My name is Billy Crozier and I am a part-time, local Anglican PhD student here at the Centre for Catholic Studies (CCS) in Durham. A native of the North-East, I am 28 years old and live in Lanchester, a small village some eight miles or so outside of Durham, where I have lived all my life. As a former student of Durham University, I began my current research in October 2015, following several years away from academic life. My research interests primarily lie in the field of contemporary Catholic and systematic theology, particularly fundamental theology and the relationship between faith and reason, nature and grace. Following my BA in theology at Durham (2006 – 2009), I went on to complete a Masters Degree in theology at Durham between 2009 - 2011 under the care of the CCS. My Masters thesis explored the ecclesiologies of the twentieth-century Jesuit scholar Karl Rahner and his Calvinist contemporary Karl Barth, with a view to finding common ground between their divergent interpretations of Christ’s ecclesial existence under Word and sacrament. My current research diverges from this interest in modern systematics in that it focuses upon medieval theology, specifically that of the thirteenth and fourteenth-centuries.
My PhD thesis explores the theology of St. Bonaventure (c 1217-1274), specifically his doctrine of Christ’s knowledge and how it relates to his broader interpretation of the relationship between faith and reason. The question of how St. Bonaventure - the ‘Seraphic Doctor’ - understands the dynamic between the natural and supernatural orders of human cognition is a subject which has divided scholarly opinion for over a century, and it is one that I find particularly interesting and engaging. By using Bonaventure’s much neglected writings on Christ’s consciousness as an interpretative framework for his statements on Aristotelianism and natural philosophy as a whole, my thesis seeks to lay the basis for a new interpretation of the Seraphic Doctor’s thought on the relationship between faith and reason; one which critically appropriates the thought of eminent Bonaventurian scholars, such as Etienne Gilson and Joseph Ratzinger/Pope Emeritus Benedict XVI and takes advantage of recently discovered works attributable to St. Bonaventure.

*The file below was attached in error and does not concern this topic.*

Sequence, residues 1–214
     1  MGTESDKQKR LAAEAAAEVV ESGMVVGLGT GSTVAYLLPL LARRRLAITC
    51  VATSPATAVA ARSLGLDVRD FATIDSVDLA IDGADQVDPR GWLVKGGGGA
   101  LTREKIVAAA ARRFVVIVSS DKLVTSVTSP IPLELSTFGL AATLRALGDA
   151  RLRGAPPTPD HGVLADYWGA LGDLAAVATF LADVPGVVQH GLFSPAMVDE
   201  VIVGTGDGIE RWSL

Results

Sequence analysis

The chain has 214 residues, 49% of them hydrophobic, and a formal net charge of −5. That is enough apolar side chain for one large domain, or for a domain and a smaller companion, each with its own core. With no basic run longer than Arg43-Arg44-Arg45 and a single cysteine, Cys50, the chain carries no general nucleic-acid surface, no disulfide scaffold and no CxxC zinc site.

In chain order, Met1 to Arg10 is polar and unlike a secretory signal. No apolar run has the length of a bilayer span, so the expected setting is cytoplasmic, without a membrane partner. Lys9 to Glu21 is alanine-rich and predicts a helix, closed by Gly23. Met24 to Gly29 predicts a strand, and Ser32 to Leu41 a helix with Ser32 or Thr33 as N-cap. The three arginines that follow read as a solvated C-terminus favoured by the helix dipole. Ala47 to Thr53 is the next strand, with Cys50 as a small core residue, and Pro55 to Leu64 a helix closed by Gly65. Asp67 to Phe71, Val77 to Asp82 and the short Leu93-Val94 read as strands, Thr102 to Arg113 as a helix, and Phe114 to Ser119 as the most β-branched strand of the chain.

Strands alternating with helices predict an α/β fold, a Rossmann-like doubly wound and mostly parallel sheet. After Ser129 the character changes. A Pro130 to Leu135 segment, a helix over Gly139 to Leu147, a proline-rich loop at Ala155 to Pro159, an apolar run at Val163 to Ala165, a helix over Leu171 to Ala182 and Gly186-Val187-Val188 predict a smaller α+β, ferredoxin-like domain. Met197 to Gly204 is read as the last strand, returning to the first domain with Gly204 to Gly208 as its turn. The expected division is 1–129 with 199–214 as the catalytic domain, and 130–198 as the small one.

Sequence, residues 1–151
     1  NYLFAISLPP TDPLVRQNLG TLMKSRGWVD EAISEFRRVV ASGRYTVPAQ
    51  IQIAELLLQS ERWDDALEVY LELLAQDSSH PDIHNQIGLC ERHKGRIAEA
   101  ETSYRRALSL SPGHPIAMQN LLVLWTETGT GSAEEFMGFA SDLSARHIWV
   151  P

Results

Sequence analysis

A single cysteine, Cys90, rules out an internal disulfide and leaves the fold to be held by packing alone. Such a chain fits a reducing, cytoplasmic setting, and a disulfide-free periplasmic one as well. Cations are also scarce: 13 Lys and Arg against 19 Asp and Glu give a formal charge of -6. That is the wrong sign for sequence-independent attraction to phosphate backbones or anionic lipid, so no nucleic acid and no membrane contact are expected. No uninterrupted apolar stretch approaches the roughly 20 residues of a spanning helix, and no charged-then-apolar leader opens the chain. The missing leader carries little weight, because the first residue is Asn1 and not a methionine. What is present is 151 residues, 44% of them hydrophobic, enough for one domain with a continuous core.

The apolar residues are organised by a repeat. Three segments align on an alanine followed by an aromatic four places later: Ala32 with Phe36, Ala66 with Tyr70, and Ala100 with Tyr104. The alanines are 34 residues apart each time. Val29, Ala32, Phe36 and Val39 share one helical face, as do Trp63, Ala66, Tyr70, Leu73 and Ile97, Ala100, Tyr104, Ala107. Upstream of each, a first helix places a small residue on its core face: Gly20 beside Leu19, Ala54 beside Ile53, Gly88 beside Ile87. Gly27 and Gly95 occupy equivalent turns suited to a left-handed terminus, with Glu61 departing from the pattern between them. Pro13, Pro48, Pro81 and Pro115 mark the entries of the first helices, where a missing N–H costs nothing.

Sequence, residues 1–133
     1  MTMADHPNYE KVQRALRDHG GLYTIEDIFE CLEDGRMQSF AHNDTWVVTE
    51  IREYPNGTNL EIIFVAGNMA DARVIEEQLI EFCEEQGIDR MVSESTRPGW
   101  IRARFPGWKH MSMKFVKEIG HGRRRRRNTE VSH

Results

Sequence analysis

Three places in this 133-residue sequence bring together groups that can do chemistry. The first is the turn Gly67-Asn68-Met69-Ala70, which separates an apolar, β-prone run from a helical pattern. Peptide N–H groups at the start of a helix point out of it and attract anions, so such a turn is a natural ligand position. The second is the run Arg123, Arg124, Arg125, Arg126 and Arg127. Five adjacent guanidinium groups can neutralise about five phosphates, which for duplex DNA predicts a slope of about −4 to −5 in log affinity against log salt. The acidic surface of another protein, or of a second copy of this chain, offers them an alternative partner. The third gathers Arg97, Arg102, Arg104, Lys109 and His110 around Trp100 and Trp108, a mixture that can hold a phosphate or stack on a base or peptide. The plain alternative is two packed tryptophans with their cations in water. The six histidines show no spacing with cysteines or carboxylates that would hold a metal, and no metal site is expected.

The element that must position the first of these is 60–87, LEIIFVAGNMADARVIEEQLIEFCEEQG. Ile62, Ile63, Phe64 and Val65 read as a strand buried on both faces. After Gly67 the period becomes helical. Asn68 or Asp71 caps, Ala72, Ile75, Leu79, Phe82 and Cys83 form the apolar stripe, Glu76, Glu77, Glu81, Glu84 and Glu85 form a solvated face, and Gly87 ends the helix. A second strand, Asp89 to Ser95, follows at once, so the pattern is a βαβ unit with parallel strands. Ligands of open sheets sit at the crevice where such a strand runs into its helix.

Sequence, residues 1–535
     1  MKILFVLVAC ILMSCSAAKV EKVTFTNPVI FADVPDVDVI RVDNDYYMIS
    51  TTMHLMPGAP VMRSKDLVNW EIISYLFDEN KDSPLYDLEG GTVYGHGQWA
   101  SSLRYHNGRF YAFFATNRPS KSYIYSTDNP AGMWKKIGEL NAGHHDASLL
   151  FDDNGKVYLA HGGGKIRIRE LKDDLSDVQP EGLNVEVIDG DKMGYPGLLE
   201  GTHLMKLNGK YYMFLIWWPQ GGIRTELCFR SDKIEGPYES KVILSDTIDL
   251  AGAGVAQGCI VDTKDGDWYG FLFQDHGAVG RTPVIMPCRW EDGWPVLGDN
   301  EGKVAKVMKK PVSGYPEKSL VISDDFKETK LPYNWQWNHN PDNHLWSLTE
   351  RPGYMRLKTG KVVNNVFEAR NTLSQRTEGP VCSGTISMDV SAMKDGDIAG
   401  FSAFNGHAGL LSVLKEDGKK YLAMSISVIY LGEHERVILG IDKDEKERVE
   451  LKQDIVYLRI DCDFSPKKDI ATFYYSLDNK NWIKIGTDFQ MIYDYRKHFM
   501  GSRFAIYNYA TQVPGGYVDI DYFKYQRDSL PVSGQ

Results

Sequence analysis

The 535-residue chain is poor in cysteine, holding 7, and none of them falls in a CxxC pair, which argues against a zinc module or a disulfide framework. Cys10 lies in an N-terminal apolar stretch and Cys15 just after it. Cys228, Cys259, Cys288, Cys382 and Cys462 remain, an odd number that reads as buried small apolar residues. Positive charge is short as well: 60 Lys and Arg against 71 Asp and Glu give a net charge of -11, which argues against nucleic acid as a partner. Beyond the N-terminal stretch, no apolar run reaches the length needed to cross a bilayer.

Alongside my research on the Seraphic Doctor, I am also interested in the thought of the early Franciscan and Dominican schools of thought, in particular their respective - and significantly divergent - attitudes towards faith and reason and the status of Aristotelianism and natural philosophy within Christian learning. Of particular interest in this respect, is the thought of the early Franciscan masters Alexander of Hales (c 1185-1245), Odo Rigaldus (c 1200-1275), and John of La Rochelle (c 1200-1245), and their Dominican counterparts: St. Thomas Aquinas (c 1224/5-1274) and St. Albert the Great (c 1200-1280). I am also interested in the theology and philosophy of the later Franciscan scholars Bl. John Duns Scotus (c 1266-1308) and William of Ockham (c 1287-1347), in particular their interpretations of human cognition and the doctrine of the knowledge of God. Other points of interest for me include the thought of Robert Grosseteste (c 1168-1253), the theology of history and apocalyptic thinking of Joachim of Fiore (c 1135-1202) and the broader medieval doctrine of Christ’s knowledge, particularly that articulated between the twelfth and fourteenth-centuries.